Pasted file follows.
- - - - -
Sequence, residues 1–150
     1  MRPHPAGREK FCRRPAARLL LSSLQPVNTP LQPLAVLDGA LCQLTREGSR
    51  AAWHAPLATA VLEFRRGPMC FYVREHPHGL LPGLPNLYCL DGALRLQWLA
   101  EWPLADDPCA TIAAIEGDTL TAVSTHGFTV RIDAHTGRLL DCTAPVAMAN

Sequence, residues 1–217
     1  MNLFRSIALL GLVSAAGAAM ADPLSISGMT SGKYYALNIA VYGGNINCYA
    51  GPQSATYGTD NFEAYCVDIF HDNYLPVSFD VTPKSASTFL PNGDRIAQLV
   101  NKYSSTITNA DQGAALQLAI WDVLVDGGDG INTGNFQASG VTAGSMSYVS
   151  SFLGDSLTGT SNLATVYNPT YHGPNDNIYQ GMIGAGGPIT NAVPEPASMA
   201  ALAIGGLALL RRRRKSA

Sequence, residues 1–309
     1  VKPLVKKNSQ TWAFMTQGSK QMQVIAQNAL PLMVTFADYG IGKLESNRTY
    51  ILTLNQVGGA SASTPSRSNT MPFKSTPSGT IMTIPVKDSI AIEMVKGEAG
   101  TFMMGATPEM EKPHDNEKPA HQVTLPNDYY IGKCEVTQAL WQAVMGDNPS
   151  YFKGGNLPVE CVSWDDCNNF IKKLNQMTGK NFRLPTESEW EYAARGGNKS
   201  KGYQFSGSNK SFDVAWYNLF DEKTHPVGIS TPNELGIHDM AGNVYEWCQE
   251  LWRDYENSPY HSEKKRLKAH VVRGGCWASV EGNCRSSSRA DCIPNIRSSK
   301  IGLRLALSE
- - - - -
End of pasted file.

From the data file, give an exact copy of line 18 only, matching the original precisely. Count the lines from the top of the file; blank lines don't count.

   301  IGLRLALSE